- Defendant personal injury
Partner - London. United Kingdom
A recent decision by the Supreme Court of New Jersey has clarified the duty of commercial landowners to clear ice and snow from their property during a storm. In the recently published decision of Angel Alberto Pareja v. Princeton International Properties decided on June 10, 2021, the Supreme Court of New Jersey adopted the “Ongoing Storm Rule” –– a rule that commercial landowners do not have a duty to remove the accumulation of snow and ice until a reasonable time after the cessation of precipitation. The court further held that there are two exceptions that could impose a duty under this rule: if the property owner’s conduct increases the risk of injury, or if there is a danger that pre-exists the storm.
In Pareja, Plaintiff was walking to work in the early morning hours in January when he slipped on ice and fell. The sidewalk area on which he fell was located on property owned and managed by Princeton International Properties, Inc. (“Princeton International”). The incident occurred when Plaintiff parked his car across the street from the building where he worked and walked along the sidewalk where there was snow cleared from an earlier storm piled up along the edges of the sidewalk. There was a light rain falling that morning. Plaintiff’s path required him to walk across the driveway apron, a section of sidewalk that connects the driveway to the public road. This section of the sidewalk was owned by Princeton International.
Temperatures that morning were below freezing and Plaintiff was unable to see ice on the driveway apron due to the rain. The plaintiff stepped directly onto the ice, fell, and broke his hip.
The National Weather Service issued a Winter Weather Advisory the previous day, effective until the early morning when the incident occurred. Consistent meteorology reports submitted by each party showed that at the time of the Plaintiff’s fall there had been a wintry mix of light rain, freezing rain, and sleet that fell the night before. At or before the time of the Plaintiff’s fall, light pockets of freezing rain were falling and temperatures were at or below the freezing point. Princeton International’s maintenance supervisor and vice president both could not specifically recall whether the sidewalk where Plaintiff fell was pre-treated that day, which was the general practice of the company. Princeton International usually employed a third-party, Lowe’s Landscaping & Law Maintenance (“Lowe’s”), but the maintenance supervisor did not recall doing so that day.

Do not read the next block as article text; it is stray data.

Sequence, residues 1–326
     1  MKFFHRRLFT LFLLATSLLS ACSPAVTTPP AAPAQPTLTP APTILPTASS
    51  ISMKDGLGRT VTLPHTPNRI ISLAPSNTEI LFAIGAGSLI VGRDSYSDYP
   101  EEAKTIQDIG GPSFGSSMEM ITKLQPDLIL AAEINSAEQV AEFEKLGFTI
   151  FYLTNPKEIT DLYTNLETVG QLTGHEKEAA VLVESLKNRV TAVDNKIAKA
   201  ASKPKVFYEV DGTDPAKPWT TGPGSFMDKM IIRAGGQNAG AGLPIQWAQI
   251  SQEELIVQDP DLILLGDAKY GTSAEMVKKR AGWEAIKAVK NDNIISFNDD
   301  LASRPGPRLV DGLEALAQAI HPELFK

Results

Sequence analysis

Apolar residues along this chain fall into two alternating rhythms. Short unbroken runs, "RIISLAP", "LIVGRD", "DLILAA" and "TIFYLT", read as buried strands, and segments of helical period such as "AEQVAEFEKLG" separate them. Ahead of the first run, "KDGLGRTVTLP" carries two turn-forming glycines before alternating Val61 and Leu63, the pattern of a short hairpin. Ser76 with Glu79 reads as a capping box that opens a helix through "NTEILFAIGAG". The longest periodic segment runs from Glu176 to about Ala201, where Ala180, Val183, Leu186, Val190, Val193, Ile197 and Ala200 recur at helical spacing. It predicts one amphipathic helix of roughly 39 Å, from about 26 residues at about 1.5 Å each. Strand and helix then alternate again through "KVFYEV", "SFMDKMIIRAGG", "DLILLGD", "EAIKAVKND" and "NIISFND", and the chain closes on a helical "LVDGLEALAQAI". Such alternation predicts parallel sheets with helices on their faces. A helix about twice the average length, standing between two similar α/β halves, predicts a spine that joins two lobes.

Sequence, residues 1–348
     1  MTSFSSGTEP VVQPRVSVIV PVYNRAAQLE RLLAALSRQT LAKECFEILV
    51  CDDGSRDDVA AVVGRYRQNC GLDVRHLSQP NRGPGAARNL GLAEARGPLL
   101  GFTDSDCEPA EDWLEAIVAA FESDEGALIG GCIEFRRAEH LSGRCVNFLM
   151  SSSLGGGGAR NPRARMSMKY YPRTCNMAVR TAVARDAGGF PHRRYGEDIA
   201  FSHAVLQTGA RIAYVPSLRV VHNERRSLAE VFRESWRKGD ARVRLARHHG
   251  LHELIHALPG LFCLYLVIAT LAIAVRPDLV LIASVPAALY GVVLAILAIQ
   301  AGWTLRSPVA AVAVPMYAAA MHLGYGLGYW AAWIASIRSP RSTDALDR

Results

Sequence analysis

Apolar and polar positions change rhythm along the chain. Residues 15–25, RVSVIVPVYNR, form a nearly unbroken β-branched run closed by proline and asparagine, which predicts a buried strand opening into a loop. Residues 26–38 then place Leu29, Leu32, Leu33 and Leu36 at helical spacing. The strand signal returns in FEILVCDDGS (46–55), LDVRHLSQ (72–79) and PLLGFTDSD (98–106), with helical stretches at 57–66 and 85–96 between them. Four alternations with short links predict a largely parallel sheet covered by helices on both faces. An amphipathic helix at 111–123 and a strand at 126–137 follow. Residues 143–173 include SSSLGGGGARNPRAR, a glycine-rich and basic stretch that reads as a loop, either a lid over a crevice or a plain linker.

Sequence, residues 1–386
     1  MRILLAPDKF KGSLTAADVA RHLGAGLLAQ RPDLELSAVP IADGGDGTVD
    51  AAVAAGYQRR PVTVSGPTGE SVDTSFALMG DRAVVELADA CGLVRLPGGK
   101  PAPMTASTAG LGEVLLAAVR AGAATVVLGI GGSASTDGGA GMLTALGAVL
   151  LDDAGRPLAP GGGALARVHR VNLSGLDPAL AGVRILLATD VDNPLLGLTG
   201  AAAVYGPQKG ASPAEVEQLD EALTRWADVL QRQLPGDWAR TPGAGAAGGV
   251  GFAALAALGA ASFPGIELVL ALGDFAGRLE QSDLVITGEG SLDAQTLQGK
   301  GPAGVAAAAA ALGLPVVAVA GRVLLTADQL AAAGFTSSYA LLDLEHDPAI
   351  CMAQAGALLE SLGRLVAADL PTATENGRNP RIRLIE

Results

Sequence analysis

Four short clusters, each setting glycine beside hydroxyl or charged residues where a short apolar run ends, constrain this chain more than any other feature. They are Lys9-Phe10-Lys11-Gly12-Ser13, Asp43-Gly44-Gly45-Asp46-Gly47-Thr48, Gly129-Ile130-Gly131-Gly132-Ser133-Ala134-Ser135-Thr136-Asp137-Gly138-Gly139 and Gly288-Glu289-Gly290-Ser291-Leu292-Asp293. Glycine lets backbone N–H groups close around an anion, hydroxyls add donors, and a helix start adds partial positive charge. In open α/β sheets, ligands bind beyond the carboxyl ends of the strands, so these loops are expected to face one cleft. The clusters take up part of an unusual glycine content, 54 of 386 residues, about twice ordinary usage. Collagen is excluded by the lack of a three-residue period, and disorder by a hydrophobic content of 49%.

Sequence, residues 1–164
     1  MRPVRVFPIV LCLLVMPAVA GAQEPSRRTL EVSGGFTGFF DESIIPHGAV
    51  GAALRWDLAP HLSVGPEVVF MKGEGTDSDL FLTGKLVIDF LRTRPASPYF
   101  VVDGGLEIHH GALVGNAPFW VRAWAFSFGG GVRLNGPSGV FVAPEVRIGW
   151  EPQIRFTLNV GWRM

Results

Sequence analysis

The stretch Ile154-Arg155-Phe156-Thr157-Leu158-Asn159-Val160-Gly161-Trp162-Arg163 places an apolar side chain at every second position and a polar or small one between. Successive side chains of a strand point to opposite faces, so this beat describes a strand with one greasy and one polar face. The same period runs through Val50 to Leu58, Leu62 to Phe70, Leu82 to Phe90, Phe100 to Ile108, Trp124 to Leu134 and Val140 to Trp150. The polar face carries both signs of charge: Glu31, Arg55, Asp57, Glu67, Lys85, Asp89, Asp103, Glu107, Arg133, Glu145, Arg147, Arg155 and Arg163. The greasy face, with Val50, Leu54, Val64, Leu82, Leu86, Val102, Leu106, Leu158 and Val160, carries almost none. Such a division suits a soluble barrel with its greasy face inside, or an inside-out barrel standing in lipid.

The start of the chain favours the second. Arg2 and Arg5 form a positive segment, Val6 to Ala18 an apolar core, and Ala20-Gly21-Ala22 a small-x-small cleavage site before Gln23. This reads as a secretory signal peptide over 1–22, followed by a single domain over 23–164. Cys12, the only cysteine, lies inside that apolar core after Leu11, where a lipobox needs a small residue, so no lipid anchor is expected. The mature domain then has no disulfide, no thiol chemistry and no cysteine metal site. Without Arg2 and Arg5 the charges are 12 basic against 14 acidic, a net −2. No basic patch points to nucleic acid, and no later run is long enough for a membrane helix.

The trial court granted both Lowe’s unopposed motion for summary judgment and Princeton International’s motion for summary judgment; the trial court finding in the latter that the Princeton International did not owe a duty to the Plaintiff. The Appellate Division reversed the trial court’s grant of summary judgment as to Princeton International finding there were genuine issues of material fact as to whether it had notice of the dangerous condition and whether Princeton International acted reasonably. In doing so, the Appellate Division rejected the Ongoing Storm Rule.
The New Jersey Supreme Court reversed the ruling of the Appellate Division and held: “Applying our precedent to a situation where a storm is ongoing, we hold that commercial landowners do not have the absolute duty, and the impossible burden, to keep sidewalks on their property free from snow or ice during an ongoing storm.” Id. at 15. The court stated that the premise of the Ongoing Storm Rule is that it is categorically inexpedient and impractical to remove or reduce hazards from snow and ice while precipitation is ongoing.
The court’s holding was subject to caveat that two unusual circumstances may present an exception to this rule. First, commercial landowners may be liable if their actions increase the risk to pedestrians and invitees on their property. For example, if a commercial landowner places vehicle parking so far distant from the business premises that it increases the risk of travel over treacherous, icy terrain. Second, commercial landowners may be liable where there is a pre-existing risk on the premises before the storm. The court used the example of pre-existing snow or ice from a previous storm to make this notion more concrete.